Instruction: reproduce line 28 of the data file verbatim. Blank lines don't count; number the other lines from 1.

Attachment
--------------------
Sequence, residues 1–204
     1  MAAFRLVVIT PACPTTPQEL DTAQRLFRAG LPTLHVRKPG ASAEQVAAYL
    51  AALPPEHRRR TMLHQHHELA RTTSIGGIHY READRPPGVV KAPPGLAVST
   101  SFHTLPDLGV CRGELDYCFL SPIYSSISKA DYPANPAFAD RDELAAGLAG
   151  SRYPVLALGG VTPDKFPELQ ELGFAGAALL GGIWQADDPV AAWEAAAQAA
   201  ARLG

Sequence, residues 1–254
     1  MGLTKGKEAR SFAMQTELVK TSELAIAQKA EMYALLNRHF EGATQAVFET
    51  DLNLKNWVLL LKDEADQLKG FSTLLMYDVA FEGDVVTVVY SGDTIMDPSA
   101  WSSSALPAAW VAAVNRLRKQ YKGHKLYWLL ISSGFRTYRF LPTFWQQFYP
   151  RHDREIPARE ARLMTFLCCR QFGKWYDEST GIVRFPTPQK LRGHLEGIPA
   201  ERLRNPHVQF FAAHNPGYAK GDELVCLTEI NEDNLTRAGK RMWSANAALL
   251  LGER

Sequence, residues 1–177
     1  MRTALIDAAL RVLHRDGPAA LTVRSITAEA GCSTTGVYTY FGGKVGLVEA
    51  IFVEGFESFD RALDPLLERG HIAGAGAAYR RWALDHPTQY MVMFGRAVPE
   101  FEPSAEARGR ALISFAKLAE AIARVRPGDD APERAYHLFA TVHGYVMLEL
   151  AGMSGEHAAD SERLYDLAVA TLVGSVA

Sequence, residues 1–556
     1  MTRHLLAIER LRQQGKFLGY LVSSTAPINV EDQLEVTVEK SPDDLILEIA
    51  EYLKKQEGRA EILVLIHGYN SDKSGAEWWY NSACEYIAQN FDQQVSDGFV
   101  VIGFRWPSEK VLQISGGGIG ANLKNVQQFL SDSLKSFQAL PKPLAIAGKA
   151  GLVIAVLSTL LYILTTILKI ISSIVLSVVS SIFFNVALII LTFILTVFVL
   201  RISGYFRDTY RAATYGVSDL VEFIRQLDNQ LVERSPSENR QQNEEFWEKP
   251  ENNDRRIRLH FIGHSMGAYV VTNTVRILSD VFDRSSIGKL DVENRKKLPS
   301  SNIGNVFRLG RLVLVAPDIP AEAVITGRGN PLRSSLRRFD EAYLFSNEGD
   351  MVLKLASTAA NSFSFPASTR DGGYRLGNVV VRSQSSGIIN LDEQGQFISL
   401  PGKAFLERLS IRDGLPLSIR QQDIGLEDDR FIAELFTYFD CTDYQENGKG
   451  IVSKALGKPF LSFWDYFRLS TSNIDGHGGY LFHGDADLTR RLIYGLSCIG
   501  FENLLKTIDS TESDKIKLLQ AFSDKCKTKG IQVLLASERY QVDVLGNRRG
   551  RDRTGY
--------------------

   401  PGKAFLERLS IRDGLPLSIR QQDIGLEDDR FIAELFTYFD CTDYQENGKG